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Saturday, March 28, 2015

Two Weeks' Notice

Two times in the Bible, and no more, we are given the account of a week.  The first is found in Genesis and presents the six days of creation and the seventh day on which God rested.  The second is found in the Holy Gospel and records the events of the first Holy Week.  God means for us to consider these two weeks together.

As God made the world in six days and then rested, so on Palm Sunday He entered Jerusalem to redeem the world.  He "finished" (John 19:30) that work by day's end Friday and then used Saturday to rest.

We know from Genesis that man was created on the sixth day (Gen. 1:26-31), that is, Friday.  No coincidence then that Jesus died for man also on a Friday.

The Bible's two weeks and the parallels between them must not go unnoticed.  The One who made the world without sin in the course of a week, in the course of a week saved it from sin.  More personally, He who made you head to toe has redeemed you body and soul to be, again, His own.

To you and yours a very blessed Holy Week!

Tuesday, March 24, 2015

Make a Holy Week Plan

"So from that day on they made plans to put Him to death" (John 11:53).

Sunday morning in church the children and I practiced saying the days of the week: "Sunday, Monday, Tuesday...."  I taught them, then, that while every week is special, only one is called "Holy Week," and it's almost here!

According to the above verse from John, the seventy-member Jewish Council, or Sanhedrin, made plans to put Jesus to death.  They were not the first.  Long before, God made plans to give and sacrifice His Son for our sins.

The question now is, Have you made plans?

Holy Week is the heart and highpoint of the Christian year.  Everything moves either toward it or away from it.

Take time this week to make a plan.  Plan to attend the special services.  Plan to invite a friend to go with you.  Plan extra Scripture and devotional reading at home.  Plan to turn off the TV.  Plan possibly to see your pastor for individual confession.  Plan to clean the house on Holy Saturday in joyful preparation for Easter!

Plan to be strengthened in your faith and love.

Make a Holy Week plan, for it's almost here!

Wednesday, March 18, 2015

Luther on Annunciation

In 1532 Luther concluded his Annunciation sermon this way.  It's as though he spoke these words this morning.

"It almost seems as though God is at enmity with the world.  Present conditions are so shameful all around us in the world, as God allows murderous mobs and rabble, so much violence and so much misfortune to prevail, so that we might think God is only Lord and God of the angels and that He has forgotten about mankind.  But here in our text we see that He befriends us humans like no other creatures, in the very closest relationship, and, in turn, we humans have a closer relationship with God than with any creature.  Sun and moon are not as close to us as is God, for He comes to us in our own flesh and blood.  God not only rules over us, not only lives in us, but personally became a human being.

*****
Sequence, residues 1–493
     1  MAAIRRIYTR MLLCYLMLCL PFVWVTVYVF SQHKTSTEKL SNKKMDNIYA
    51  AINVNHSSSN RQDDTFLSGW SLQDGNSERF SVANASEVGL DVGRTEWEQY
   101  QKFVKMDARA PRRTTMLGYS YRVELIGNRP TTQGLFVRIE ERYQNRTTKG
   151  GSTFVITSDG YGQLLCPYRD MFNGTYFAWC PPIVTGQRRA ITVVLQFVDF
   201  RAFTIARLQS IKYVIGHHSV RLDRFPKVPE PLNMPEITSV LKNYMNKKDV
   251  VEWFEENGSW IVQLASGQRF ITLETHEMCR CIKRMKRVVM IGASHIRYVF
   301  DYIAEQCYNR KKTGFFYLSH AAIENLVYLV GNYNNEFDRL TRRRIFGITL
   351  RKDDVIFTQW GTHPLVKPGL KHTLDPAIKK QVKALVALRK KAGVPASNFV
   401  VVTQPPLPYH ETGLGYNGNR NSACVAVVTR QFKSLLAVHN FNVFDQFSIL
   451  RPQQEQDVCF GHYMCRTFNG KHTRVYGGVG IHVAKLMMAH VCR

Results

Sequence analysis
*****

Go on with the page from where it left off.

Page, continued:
This is the grace which we celebrate today, thanking God that He has cleansed our sinful conception and birth through His holy conception and birth, and removed the curse from us and blessed us.  By nature our conception and birth are flawed and laden with sin.  In contrast, Christ's conception and birth were holy and pure.  Through His holy conception and birth our sinful nature, flesh, and blood are blessed and made holy.  It is on this basis that we are baptized, so that by means of God's Word, the sacraments, and the Holy Spirit we might have the fruit of His holy conception and birth.  May we always thank Him for His grace and never become weary or surfeited in hearing and learning this.  Unfortunately, most people in the world think they know it all, after they have heard it once."

Tuesday, March 3, 2015

Unashamed

"For whoever is ashamed of Me and of My words in this adulterous and sinful generation, of him will the Son of Man also be ashamed when He comes in the glory of His Father with the holy angels" (Mark 8:38).

By Richard Wurmbrand

In a theater in Moscow at the premier of a new play, Christ in a Fur, the hall was overcrowded.

The actor Alexander Rostovtsev had to play the main role.  He belonged to the high circles of Soviet life and was a convinced Marxist.

On the stage was a mockery of an altar.  The cross on it was made of bottles of wine and beer.  Full glasses surrounded it.  Fat "clergymen" said a drunken "liturgy" consisting of blasphemous formulas.  In this sham church, "nuns" played cards, drank, and made ugly jokes while the "religious service" went on.

Then Rostovtsev appeared as Christ, dressed in a robe.  He had the New Testament in his hands.  He was supposed to read two verses from the Sermon on the Mount, then throw away the book in disgust and shout, "Give me my fur and my hat!  I prefer a simple proletarian life."  But something unexpected happened.  The actor read not only two verses, but continued, "Blessed are the meek, for they shall inherit the earth" (Matt. 5:5), and so on to the end of the sermon.  It was in vain that the prompter made desperate signs for him to stop.

When Rostovtsev came to the last words of Jesus, he made the sign of the cross in the Orthodox manner, said, "Lord, remember me when Thou comest into Thy kingdom" (Luke 23:42), and left the stage.  He was never seen again.  The Communists disposed of him.

Let us, like this actor, forget the ugly roles imposed upon us by the world and allow ourselves to be enraptured by the beauties of the Savior's words.